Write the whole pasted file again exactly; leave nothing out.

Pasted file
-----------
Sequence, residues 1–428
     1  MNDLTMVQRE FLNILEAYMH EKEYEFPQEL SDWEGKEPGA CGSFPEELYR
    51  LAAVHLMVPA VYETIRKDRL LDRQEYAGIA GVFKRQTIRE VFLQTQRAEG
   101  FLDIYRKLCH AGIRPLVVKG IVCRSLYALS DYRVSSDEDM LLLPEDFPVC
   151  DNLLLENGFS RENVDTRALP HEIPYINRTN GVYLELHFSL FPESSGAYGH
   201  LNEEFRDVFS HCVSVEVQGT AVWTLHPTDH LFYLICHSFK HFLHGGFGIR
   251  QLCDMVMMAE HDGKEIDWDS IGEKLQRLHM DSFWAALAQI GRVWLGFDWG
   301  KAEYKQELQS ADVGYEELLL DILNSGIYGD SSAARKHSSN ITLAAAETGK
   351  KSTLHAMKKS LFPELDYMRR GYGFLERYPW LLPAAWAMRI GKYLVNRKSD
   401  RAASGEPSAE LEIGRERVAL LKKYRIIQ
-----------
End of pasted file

Sequence, residues 1–428
     1  MNDLTMVQRE FLNILEAYMH EKEYEFPQEL SDWEGKEPGA CGSFPEELYR
    51  LAAVHLMVPA VYETIRKDRL LDRQEYAGIA GVFKRQTIRE VFLQTQRAEG
   101  FLDIYRKLCH AGIRPLVVKG IVCRSLYALS DYRVSSDEDM LLLPEDFPVC
   151  DNLLLENGFS RENVDTRALP HEIPYINRTN GVYLELHFSL FPESSGAYGH
   201  LNEEFRDVFS HCVSVEVQGT AVWTLHPTDH LFYLICHSFK HFLHGGFGIR
   251  QLCDMVMMAE HDGKEIDWDS IGEKLQRLHM DSFWAALAQI GRVWLGFDWG
   301  KAEYKQELQS ADVGYEELLL DILNSGIYGD SSAARKHSSN ITLAAAETGK
   351  KSTLHAMKKS LFPELDYMRR GYGFLERYPW LLPAAWAMRI GKYLVNRKSD
   401  RAASGEPSAE LEIGRERVAL LKKYRIIQ